Harlem Renaissance Poets

Harlem Renaissance Poets


Harlem Renaissance (1917-1935) was a period where the African-American writers, poets, socialist and leaders emerged to fight against social discrimination and racism in America. Langston Hughes, DuBois, Thurman are some of the people who emerged and wrote, sang and expressed African problems. The paper examine the poem “I, Too” by Hughes and “The Song of the Smoke” by DuBois in order to express the themes that Harlem Renaissance highlighted. These themes include racism, cultural isolation, slavery and social discrimination in America.

Role and importance of DuBois and Hughes within the Harlem Renaissance

DuBois was the editor of the magazine “The Crisis”. The magazine highlighted that the blacks could not meet social equality by emulating ideas and standards of the whites. The author also mentions that it is through enhancing African heritage and culture that the Africans' racial pride will be attained.

Hughes was a poet, socialist and singer. The poems of Hughes incorporated and influenced by some elements of jazz and blues music which expressed the agony, suffering of the Africans in America during the Harlem Renaissance (Jones 2011).These elements include rhythm and message delivery method. 

Hughes and DuBois were so important in condemning psycho-social discrimination. They made sure that every African accept own color and resist racism. They also fought for social justice and African right in which every black in America now enjoys. Hence act as founders of freedom for the blacks in America (Howard 2009).

Evidence of Double Consciousness in the Poems

In the Harlem Renaissance poems, there is evidence of double and consciousness. The elements below enumerates the issue of double consciousness. “I am the darker brother. They send me to eat in the kitchen When company comes…” from the poem as expressed in the poem “I, Too sing America”. (Wallace 2008).

“I am the Smoke King, I am black” (Wintz2013). The narrator expresses the idea of racism by accepting that there is color difference. This shows that the narrator is fed up by the ongoing racial discrimination. 

Racism and cultural Barrier

“…am the darker brother. They send me to eat in the kitchen When company comes, But I laugh, And eat well, And grow strong… how beautiful I am And be ashamed—I, too, am America.”(Wallace 2008). This is part of Hughes’ poem. Every time visitors come, the narrator forced to eat at the kitchen. But does not bother about the isolation. Instead, when tomorrow comes, the narrator will go and eat with them at the dining table. This show racism by the whites to the blacks in America during the time renaissance. The author mention about beauty and determination to resist the cultural and color difference.

The poem “I, Too” motivates the black to love their color. Every person is beautiful and has a right to live a live so social. Though during renaissance time the blacks did not enjoy their rights due to discrimination, Hughes urges them to look superior and not being under rated. In the line “I, Too, Sing America,” shows the patriotism the Africans have on America (Wintz 2013). The narrator expresses the love to the country America.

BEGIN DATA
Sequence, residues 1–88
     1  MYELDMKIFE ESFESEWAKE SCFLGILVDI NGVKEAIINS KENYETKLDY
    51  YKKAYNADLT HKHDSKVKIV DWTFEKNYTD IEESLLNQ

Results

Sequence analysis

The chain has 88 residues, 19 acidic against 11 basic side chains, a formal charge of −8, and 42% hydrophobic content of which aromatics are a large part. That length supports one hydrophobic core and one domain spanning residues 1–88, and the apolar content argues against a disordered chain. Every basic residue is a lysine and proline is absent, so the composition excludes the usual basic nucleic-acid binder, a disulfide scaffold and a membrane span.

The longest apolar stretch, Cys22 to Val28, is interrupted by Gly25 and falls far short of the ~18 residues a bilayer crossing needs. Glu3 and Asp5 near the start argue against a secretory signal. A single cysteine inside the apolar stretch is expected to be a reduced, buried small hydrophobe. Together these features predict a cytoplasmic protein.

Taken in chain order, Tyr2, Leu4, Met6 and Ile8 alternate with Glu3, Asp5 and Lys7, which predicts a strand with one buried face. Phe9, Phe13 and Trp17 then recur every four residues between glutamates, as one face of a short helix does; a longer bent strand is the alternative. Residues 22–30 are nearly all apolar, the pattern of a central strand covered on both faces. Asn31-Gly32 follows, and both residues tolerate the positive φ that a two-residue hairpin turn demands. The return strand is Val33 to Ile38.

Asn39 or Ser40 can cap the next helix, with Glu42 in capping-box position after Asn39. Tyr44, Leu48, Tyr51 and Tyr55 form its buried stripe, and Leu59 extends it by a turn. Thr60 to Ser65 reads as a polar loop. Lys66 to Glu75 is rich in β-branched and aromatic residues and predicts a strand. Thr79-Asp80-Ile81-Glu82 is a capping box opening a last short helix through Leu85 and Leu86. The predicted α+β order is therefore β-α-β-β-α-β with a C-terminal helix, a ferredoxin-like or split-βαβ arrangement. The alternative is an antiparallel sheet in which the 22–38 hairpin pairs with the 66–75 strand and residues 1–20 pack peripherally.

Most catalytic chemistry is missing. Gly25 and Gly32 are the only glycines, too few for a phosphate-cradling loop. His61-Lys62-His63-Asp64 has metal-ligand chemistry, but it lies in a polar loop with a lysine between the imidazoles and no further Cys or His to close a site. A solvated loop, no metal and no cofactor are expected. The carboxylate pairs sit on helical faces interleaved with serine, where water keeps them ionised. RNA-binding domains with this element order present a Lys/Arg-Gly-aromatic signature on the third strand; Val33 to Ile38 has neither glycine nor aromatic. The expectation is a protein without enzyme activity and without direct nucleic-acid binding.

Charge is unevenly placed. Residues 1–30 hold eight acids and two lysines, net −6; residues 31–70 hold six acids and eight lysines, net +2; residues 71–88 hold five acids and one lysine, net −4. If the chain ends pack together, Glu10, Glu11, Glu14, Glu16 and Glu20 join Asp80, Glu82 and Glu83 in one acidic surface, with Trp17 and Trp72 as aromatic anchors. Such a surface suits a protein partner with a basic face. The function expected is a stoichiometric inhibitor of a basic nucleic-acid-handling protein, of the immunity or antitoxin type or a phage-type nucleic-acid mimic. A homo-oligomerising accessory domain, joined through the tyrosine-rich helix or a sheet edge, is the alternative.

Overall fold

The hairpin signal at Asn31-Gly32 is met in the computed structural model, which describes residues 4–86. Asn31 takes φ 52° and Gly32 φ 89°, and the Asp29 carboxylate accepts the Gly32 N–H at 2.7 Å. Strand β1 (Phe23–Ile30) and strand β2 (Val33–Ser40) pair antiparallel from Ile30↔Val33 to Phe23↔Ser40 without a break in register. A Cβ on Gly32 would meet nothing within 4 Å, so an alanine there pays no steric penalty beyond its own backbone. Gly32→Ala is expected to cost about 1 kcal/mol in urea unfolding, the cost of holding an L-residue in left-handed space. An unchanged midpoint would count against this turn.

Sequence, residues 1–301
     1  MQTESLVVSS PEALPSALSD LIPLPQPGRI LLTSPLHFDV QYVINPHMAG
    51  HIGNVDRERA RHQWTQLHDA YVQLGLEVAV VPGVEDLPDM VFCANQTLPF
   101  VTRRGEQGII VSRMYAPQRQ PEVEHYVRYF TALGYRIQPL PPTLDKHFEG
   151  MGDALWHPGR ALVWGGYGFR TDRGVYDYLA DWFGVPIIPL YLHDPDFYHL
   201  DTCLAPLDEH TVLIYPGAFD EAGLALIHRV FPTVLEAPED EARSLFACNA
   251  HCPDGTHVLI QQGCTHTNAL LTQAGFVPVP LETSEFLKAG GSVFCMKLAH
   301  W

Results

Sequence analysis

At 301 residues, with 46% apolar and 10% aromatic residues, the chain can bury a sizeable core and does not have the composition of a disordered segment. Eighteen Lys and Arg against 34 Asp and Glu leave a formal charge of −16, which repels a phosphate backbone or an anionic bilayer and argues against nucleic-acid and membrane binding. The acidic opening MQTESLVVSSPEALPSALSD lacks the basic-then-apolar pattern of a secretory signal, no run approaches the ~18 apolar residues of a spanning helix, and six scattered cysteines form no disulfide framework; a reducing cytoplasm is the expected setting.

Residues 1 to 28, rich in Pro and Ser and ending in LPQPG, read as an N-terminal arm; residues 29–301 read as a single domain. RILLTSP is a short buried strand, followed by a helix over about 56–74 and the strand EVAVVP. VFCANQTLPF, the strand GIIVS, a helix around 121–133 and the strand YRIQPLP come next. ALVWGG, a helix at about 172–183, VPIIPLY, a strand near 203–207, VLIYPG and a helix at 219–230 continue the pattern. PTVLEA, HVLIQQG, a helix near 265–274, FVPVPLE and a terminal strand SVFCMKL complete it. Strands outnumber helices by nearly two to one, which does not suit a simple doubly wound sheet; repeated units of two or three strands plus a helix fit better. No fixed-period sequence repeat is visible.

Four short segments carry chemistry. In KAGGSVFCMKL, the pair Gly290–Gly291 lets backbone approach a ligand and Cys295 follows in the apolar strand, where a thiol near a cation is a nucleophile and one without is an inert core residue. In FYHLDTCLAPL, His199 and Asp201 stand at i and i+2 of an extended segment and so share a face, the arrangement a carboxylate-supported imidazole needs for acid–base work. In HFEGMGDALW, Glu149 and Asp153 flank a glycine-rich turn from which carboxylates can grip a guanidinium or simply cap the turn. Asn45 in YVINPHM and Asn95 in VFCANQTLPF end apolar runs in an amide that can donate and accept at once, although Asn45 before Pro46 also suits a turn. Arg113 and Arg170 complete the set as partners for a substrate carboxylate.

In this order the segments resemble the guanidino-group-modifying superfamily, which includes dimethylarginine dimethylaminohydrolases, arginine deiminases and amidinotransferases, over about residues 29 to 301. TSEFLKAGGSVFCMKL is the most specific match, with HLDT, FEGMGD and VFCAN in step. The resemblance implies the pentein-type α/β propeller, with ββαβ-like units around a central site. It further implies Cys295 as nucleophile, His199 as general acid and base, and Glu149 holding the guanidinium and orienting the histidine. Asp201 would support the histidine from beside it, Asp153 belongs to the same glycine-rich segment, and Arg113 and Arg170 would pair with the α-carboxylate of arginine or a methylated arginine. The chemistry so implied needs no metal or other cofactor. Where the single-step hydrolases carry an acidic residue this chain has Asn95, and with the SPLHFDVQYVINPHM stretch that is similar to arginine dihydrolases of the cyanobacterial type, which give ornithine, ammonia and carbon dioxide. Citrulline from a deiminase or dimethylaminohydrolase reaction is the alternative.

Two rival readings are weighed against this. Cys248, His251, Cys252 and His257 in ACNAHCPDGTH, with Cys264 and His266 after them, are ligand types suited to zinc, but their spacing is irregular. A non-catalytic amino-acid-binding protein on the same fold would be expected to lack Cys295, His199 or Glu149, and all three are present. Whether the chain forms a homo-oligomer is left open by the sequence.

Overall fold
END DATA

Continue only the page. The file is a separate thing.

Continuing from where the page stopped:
“I am the Smoke King, I am black... I will be black as blackness can—…  I whiten my black men—I blacken my white!  What’s the hue of a hide to a man in his might?” DuBois insight to blacks that being a black is great. Tell fellow blacks to come out and express themselves with no fear. To be optimistic and positive about life. Since, every single person should love its own life.


The African in the America during the 1920’s century faced a lot of discrimination and forced slavery (Wintz 2013). The expectation was that Africans work for whites as casualty workers. The poets’ mention and defines clearly how discrimination and slavery affected many Africans. Though, the poets mentions this issues they also keep hope and encourage fellow Africans on importance of being optimistic and hopeful in life.

“I am daubing God in night, I am swabbing Hell in white:” (Wallace 2008). In this lines of poem DuBois mentions clearly that African as possibility of toping even if still underrated by the whites. Thus encourages Africans to appreciate their skin color and work for better.


They stare at me,

Every time I pass-by,

But with no surprise I look down, and continue my journey,

Journey to heaven, journey of finding a living.

They always make me wash their dirty clothes, feed their dogs and clean their environment,

Every time I ask for a job,

But the salary is a mere green vegetable and rice for work, or

The remains of meat from their dog, is what I get,

All in all, we live a life ones,

All will die, even their loved dogs,

My journey still continues, through the black narrow tunnel, the tunnel to heaven,

But not black as I am.

Life is bright ahead, as all is well.


Slavery, racism and discrimination were the major problems that the Africans faced. Harman Renaissance authors highlighted these problem. Apart from highlighting the issues, the authors gave hope to the Africans in America. Thus, teaching them on importance of optimists and hope. This explosion by the leaders during Harman renaissance period led to fight for the rights of equality of all citizens. 


Howard, S. E. (2009). "The Negro Speaks of Rivers" An African Centered Historical Study of the Self ethnic Liberatory Education Nature and Goals of the Poetry of Langston Hughes: the Impact on Adult Education. Dissertations, 21.

Jones, M. D. (2011). The muse is music: Jazz poetry from the Harlem Renaissance to spoken word. University of Illinois Press.

Wallace, M. O. (2008). Langston Hughes: The Harlem Renaissance. Marshall Cavendish.

Wintz, C. D. (2013). Remembering the Harlem Renaissance (Vol. 5). Routledge.

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